Pin It
Brandy Eve Ciao LA 14
My sister wearing fangs and a shirt I bought for her… She’s also one of my first major subjectsPhotography by Brandy Eve Allen

Ciao, LA!

Swapping the star quality of LA for the historical streets of Turin, this photographer lays bare the lovers, the loved and the lost moments of her life

Believe it or not, there was a time before social media took over; when we kept intimate moments to ourselves and the friends we shared them with. When self-advertisement existed in face-form only – usually reserved for job interviews – and moments came and went without making their way onto our Facebook feeds. What feels so close and yet so far, that 'time' was less than a decade ago, when photographer Brandy Eve Allen was in her twenties and fed up with her hometown ("LA was sucking the life out of me"). Allen put out the call for a job "anywhere but here" and landed in Turin, Italy where she spent the next three years – mind the cliche, but – finding herself, capturing those that surrounded her; herself, friends, lovers. A personal memoir of a time spent amongst the most vulnerable of years, the pictures are steeped in noughties nostalgia and a brutal intimacy. "It wasn’t about anyone being beautiful, it was more about people being themselves, being honest.  I’ve always been sensitive to aesthetics – beauty with a hard edge is how I would describe what I’m attracted to," says the photographer. Below we look back on the formative years that produced what is now known as her book Ciao LA.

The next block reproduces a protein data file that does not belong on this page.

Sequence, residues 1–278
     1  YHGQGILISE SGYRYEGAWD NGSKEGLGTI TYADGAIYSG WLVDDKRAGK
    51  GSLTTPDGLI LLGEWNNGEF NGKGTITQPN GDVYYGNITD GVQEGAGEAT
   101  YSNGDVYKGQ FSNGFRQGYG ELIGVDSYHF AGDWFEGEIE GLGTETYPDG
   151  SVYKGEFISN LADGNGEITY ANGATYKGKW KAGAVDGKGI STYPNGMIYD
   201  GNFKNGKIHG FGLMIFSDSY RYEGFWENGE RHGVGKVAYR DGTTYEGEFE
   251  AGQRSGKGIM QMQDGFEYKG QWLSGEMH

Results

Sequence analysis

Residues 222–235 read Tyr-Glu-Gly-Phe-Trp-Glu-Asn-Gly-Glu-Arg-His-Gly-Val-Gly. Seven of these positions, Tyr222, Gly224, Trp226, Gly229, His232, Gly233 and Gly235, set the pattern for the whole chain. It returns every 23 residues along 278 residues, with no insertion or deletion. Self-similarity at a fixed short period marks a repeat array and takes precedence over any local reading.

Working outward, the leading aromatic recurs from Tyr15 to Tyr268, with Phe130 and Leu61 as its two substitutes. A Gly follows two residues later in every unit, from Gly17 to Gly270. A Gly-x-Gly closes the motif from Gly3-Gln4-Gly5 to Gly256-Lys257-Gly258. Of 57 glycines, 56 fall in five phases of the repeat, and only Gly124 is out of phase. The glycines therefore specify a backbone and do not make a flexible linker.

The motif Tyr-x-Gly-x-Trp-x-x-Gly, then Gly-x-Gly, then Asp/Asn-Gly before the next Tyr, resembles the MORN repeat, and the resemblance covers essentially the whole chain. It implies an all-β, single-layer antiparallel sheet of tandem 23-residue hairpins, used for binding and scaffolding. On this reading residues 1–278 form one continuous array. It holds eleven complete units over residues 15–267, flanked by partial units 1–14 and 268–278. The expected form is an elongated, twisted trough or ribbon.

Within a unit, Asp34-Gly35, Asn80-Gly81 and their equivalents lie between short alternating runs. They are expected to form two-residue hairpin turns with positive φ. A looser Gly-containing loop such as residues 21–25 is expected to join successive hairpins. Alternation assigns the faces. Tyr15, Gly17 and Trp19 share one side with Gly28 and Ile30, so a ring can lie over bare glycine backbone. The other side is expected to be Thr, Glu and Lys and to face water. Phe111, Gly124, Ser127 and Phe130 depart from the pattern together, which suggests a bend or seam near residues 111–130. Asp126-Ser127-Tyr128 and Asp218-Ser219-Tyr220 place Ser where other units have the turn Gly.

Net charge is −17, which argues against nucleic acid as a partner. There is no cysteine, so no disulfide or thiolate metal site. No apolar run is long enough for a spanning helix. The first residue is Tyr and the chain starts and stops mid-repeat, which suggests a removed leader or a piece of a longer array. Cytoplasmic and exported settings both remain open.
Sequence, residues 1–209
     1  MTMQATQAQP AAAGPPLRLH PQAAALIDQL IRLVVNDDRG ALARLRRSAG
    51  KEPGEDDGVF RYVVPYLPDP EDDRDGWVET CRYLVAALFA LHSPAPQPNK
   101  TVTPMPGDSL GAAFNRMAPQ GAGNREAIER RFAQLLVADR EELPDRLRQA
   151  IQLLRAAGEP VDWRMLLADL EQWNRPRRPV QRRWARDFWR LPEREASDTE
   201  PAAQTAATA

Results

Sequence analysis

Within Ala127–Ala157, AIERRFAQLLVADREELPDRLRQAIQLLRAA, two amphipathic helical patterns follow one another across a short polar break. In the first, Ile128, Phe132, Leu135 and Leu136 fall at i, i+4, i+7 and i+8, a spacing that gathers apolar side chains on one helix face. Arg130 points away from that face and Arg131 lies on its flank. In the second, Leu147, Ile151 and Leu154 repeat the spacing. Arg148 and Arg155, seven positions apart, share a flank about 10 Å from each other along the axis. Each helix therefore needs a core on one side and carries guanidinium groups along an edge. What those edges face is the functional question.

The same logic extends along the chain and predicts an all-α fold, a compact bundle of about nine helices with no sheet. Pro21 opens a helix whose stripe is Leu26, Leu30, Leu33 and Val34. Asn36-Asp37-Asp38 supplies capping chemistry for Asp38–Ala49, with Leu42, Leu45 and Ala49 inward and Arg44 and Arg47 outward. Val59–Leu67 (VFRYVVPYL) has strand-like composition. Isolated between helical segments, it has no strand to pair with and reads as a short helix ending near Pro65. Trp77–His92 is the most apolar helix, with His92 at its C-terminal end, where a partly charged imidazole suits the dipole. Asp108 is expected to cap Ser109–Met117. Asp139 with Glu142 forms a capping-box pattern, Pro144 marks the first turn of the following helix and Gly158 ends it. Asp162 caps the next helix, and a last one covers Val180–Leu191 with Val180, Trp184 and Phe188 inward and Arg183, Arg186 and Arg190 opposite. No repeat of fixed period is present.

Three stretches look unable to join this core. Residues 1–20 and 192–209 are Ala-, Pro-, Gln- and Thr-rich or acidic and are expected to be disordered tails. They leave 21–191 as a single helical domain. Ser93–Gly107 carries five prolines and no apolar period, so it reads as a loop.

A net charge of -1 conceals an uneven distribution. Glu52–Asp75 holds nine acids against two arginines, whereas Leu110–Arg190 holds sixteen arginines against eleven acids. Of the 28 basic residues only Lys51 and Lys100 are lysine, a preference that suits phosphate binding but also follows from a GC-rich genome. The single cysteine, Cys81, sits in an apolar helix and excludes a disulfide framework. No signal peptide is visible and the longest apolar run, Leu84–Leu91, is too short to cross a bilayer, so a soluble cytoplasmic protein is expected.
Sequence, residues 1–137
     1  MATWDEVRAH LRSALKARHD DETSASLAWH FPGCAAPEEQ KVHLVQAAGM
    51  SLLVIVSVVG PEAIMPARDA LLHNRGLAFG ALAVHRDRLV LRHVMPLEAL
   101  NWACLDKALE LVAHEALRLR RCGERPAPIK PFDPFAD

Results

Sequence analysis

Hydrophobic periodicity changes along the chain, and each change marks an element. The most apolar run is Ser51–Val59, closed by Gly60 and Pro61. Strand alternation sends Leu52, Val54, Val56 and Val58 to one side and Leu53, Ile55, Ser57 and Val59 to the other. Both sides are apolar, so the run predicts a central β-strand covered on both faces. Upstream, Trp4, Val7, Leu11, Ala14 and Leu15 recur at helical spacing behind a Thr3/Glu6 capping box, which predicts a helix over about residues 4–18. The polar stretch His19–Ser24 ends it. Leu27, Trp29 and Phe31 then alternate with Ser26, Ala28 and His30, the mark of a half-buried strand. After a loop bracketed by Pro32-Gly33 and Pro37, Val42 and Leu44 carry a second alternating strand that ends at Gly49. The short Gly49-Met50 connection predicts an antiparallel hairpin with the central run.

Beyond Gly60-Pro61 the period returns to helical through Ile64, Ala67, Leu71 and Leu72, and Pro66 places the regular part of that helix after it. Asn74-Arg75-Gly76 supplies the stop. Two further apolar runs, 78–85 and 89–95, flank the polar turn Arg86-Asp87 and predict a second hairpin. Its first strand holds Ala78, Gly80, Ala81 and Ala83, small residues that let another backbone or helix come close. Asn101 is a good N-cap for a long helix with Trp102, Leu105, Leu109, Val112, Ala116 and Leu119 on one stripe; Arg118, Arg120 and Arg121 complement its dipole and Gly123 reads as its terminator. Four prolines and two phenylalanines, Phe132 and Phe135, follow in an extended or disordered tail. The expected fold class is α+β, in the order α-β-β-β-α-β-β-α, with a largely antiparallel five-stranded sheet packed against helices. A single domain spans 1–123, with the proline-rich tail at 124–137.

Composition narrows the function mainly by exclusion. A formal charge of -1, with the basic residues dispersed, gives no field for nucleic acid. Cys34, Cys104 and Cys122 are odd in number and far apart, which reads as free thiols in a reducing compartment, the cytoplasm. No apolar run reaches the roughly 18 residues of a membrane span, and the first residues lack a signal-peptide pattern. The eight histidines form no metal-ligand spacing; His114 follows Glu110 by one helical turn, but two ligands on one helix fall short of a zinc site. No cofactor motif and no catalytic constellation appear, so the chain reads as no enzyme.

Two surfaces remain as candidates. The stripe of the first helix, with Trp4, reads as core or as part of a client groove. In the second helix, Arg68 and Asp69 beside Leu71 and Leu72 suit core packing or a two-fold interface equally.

Why did you want to escape LA for Italy? What do you think you were looking for?

Brandy Eve Allen: LA was sucking the life out of me. I remember working three jobs, busting my ass and not getting anywhere. I put the word out that I wanted a job anywhere but here and within a week Italy called me up and I was on a plane. When I landed in Turin, I felt at home like I never had. Sometimes you don’t know what you’re looking for until it finds you, and Italy gave me a chance to experience beauty, culture, love.

These images were shot over a decade ago, can you tell me what your mindset or headspace was like back then? The pages are often scrawled with diary-like entries and musings…

Brandy Eve Allen: I was super creative, wild, open - an innocent adventurer ready for anything to happen. I never judged anyone and always looked people in the eyes, you knew I was paying attention to you and if I didn’t want to be near you, you could feel that as well. This is something that helped me form some really special bonds and avoid some dangerous ones. My headspace was and is always around the same two things, people and art. The only difference between now and then is how I approach the two. I used to be really attached to people, in a beautiful way, where now I’m more isolated – something I want to change.

Do you keep in contact with the people from the pictures?